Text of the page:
Ross Murray's Border Report
Ross Murray
is a freelance writer living in Stanstead, Quebec. You can reach him at
Posted 08.25.08
Stanstead, Quebec


My fair memories

STANSTEAD, QC | I still remember my first Ayer's Cliff Fair. It was the height of the Great Depression, 1934, and I was a mere lad of nine. Mother didn't approve of the fair. She thought it was full of "hootchie-cootchie girls" who were "faster than a Fitch Bay floozy." Mother also used to think gelatin was the devil's trampoline. Mother had some strange ideas.

Consequently, my brother Lance and I were forbidden to go to the fair. I recall the terrible longing as I loitered on the outskirts, watching the brilliant lights and smelling the burning hair.

Times were tough. Father worked as a bricklayer at the ill-fated Eastern Townships Conservatory of Puns and Wordplay, but when the pressures of work became too much for him, he threw in the trowel. He then made his living as a traveling hen polisher.

That summer of '34, my brother and I earned pennies by doing impressions of Marxist revolutionaries for tourists. Mother had taken to her bed indefinitely after becoming convinced that her "gastric indiscretions" would cause her to float away. With our saved earnings, Lance and I took advantage of the situation to persuade our harried father to let us go the fair. He put down his leghorn, sighed and relented.

How excited we were! On the appointed afternoon, we donned our best dungarees and cornhusk shirts and walked the five miles to the fairgrounds. We must have looked mighty fine walking down the street, our pockets weighted down with small pebbles (a concession to our mother).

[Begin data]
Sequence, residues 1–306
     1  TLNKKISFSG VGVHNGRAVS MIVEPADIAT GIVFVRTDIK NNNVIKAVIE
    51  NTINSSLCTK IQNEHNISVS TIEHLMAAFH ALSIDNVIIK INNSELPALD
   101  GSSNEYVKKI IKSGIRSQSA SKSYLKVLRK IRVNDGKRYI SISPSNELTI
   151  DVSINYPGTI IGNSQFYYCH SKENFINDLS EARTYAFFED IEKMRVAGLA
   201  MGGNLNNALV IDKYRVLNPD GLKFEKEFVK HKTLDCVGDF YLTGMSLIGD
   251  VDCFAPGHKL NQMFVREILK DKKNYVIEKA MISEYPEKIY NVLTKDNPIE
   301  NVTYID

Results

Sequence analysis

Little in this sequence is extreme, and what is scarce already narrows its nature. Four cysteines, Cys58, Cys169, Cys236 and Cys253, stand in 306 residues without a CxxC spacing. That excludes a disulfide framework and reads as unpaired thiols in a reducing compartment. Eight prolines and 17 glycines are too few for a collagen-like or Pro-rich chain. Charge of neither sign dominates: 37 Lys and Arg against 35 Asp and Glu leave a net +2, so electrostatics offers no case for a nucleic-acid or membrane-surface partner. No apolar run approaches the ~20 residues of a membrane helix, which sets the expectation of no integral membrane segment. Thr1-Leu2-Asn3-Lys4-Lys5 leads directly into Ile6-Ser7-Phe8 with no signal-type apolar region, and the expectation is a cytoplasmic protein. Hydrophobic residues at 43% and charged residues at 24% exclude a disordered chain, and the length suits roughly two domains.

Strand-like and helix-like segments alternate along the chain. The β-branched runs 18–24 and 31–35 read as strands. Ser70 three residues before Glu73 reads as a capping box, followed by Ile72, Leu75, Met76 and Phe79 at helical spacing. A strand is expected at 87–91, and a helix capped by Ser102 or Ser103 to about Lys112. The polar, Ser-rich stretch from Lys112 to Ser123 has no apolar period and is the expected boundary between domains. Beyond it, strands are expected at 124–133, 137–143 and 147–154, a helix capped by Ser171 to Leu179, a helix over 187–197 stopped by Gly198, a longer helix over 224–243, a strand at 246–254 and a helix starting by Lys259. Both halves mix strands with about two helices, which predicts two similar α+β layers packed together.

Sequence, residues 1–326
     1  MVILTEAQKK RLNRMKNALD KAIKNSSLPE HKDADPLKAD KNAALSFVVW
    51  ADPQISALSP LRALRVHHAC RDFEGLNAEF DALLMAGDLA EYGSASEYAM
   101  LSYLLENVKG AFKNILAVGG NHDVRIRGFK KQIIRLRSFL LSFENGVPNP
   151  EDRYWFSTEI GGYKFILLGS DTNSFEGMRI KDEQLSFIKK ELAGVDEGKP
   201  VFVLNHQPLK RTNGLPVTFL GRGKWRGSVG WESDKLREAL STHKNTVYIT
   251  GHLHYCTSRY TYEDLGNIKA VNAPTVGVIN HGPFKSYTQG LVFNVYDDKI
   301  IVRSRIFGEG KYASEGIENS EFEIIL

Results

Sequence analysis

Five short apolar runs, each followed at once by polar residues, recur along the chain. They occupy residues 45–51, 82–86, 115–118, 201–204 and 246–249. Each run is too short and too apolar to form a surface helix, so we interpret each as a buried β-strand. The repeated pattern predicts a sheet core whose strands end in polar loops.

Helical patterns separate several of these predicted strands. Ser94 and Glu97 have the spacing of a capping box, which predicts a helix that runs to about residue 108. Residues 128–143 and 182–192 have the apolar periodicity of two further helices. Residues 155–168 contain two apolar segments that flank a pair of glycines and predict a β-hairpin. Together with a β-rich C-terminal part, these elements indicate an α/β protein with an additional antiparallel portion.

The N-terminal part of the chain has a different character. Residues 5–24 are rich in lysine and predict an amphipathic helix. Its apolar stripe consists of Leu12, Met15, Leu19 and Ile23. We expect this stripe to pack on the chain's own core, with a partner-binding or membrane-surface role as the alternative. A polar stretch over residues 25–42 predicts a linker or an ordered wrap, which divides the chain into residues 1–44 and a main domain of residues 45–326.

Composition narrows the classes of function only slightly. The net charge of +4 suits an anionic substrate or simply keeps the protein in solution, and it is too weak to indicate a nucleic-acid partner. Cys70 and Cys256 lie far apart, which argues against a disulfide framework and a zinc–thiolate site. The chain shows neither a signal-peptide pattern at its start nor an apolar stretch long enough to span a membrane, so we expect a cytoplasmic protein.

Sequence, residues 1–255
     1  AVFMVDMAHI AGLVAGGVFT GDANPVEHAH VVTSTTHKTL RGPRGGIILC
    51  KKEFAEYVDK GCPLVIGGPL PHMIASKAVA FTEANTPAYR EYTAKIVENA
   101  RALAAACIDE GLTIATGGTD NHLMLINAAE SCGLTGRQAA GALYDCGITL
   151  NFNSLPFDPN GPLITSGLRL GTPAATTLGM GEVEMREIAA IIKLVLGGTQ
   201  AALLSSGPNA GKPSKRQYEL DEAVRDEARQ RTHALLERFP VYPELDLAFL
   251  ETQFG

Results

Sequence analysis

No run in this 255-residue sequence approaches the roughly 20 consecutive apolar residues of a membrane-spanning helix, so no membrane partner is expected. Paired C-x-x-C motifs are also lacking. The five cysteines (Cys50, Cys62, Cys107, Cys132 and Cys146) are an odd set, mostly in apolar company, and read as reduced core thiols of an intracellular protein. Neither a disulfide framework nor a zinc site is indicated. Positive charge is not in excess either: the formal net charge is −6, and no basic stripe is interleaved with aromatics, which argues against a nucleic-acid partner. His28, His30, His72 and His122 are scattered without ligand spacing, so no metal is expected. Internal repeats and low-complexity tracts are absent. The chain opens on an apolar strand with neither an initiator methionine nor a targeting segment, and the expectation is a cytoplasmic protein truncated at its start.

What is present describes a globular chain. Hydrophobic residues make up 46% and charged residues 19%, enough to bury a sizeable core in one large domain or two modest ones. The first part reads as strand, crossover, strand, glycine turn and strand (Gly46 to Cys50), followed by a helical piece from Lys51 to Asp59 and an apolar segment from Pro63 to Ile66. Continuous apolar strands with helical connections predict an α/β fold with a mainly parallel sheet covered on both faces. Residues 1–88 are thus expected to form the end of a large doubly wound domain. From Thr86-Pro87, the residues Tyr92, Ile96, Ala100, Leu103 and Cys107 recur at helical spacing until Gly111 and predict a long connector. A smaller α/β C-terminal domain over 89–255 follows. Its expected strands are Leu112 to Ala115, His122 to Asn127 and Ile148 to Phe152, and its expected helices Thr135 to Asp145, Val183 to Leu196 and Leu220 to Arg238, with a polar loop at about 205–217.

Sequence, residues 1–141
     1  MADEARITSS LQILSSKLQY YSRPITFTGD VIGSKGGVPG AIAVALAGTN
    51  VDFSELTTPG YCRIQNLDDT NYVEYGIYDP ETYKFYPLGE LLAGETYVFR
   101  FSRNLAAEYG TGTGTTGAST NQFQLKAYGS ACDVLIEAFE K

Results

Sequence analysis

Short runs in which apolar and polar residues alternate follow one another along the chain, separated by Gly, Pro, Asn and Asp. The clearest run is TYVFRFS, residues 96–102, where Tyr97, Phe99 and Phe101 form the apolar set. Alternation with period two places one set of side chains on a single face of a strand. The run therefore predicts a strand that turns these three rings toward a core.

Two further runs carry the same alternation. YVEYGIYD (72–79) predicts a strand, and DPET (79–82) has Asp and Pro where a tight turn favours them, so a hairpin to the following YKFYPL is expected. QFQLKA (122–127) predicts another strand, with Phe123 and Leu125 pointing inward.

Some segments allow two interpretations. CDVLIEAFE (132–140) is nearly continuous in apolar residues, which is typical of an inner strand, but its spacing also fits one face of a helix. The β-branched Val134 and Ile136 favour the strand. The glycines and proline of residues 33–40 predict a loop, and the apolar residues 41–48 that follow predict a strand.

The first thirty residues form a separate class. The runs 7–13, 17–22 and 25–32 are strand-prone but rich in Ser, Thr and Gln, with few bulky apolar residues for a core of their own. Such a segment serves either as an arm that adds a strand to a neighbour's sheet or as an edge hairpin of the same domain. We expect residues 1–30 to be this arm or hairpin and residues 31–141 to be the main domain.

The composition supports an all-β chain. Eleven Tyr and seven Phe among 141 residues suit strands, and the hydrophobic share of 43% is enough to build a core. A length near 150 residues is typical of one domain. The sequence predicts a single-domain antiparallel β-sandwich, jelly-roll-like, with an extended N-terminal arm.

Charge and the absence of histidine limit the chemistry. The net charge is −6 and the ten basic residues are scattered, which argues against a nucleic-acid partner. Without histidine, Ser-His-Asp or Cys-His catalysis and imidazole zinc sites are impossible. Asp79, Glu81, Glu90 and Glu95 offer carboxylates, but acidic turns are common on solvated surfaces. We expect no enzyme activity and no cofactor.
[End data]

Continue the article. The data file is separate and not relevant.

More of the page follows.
Passing through the fair gates for the first time was a magical moment. So many people, the hustle and bustle. I'd never before seen so many beards. And the men were pretty hairy, too.

While Lance ran off to, as he put it, "find the biggest, most wonderfullest udder in the world," I immediately made my way to something I'd wanted to see as long as I could remember: the Eastern Townships Filamentary Compenditorium, the most impressive collection of string and twine in Eastern Canada. I was not disappointed.

So many memories of that day. There was the small band that played music all afternoon and into the evening. They only knew two songs - "God Save the King" and "Yes, We Have No Bananas" - but it was heavenly.

There was no midway in those days but there was Tiny Jack Ingerson, famous both for his size and for his mouth-breathing. If you said the magic word ("pelican"), he would throw you high up into the air and catch you. The trick, however, was getting him to stop.

Farmers, of course, came from miles around to display their livestock. The womenfolk got in on the act too, with their horticultural displays. I remember standing transfixed before the musk melons for what seemed like hours. Better than a hootchie-cootchie girl any day.

I was also lucky enough to witness the fair's last-ever Butter-Eating Contest, which was billed as "an Extravaganza of Oleaginous Splendour!" It was indeed something to behold, although it did put me off dairy products until I was in my late teens.

In the evening, there was the traditional donkey pull, a contest of strength and determination that, unfortunately, usually ended badly for the donkey.

I ate my first deep-fried parsnip that day, saw my first bric-a-brac. Or maybe it was a gewgaw. It's all a blur. All I know is that I went home that night with a head full of memories and a shoe full of cow drool.

Since that fall, I've never missed a fair. Mother disappeared mysteriously that winter. Father gained some security by landing a job at the Eustis vinyl mines. After that the fair became a tradition for Lance and me. Unfortunately, Lance was crushed by a freakishly large udder while doing research at the Lennoxville Experimental Farm in '42. But it was how he would have wanted to go.

The fair's changed a bit over the years. For instance, you can no longer pay a nickel to waltz with a horse. But one thing hasn't changed: the fair is still the stuff of honest and true memories.